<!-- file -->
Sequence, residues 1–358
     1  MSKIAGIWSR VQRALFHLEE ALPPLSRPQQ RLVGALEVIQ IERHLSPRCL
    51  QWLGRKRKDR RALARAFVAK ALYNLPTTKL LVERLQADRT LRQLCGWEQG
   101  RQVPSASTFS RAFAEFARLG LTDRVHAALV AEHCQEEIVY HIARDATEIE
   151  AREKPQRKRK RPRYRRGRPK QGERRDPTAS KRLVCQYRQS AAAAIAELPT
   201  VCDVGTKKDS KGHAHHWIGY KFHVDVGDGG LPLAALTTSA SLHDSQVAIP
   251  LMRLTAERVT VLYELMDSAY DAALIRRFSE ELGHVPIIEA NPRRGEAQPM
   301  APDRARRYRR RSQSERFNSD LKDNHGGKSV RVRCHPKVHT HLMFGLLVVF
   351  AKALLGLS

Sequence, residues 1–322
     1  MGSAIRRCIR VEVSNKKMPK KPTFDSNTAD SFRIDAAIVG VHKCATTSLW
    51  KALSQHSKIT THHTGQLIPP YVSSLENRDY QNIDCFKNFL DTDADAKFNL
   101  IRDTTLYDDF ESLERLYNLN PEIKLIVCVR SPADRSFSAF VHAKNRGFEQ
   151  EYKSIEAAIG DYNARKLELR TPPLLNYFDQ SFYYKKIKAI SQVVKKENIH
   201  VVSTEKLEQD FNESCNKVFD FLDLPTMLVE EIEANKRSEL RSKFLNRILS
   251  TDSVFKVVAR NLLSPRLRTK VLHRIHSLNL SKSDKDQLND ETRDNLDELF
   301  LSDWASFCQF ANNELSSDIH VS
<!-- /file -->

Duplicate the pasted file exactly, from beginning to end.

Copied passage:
Sequence, residues 1–358
     1  MSKIAGIWSR VQRALFHLEE ALPPLSRPQQ RLVGALEVIQ IERHLSPRCL
    51  QWLGRKRKDR RALARAFVAK ALYNLPTTKL LVERLQADRT LRQLCGWEQG
   101  RQVPSASTFS RAFAEFARLG LTDRVHAALV AEHCQEEIVY HIARDATEIE
   151  AREKPQRKRK RPRYRRGRPK QGERRDPTAS KRLVCQYRQS AAAAIAELPT
   201  VCDVGTKKDS KGHAHHWIGY KFHVDVGDGG LPLAALTTSA SLHDSQVAIP
   251  LMRLTAERVT VLYELMDSAY DAALIRRFSE ELGHVPIIEA NPRRGEAQPM
   301  APDRARRYRR RSQSERFNSD LKDNHGGKSV RVRCHPKVHT HLMFGLLVVF
   351  AKALLGLS

Sequence, residues 1–322
     1  MGSAIRRCIR VEVSNKKMPK KPTFDSNTAD SFRIDAAIVG VHKCATTSLW
    51  KALSQHSKIT THHTGQLIPP YVSSLENRDY QNIDCFKNFL DTDADAKFNL
   101  IRDTTLYDDF ESLERLYNLN PEIKLIVCVR SPADRSFSAF VHAKNRGFEQ
   151  EYKSIEAAIG DYNARKLELR TPPLLNYFDQ SFYYKKIKAI SQVVKKENIH
   201  VVSTEKLEQD FNESCNKVFD FLDLPTMLVE EIEANKRSEL RSKFLNRILS
   251  TDSVFKVVAR NLLSPRLRTK VLHRIHSLNL SKSDKDQLND ETRDNLDELF
   301  LSDWASFCQF ANNELSSDIH VS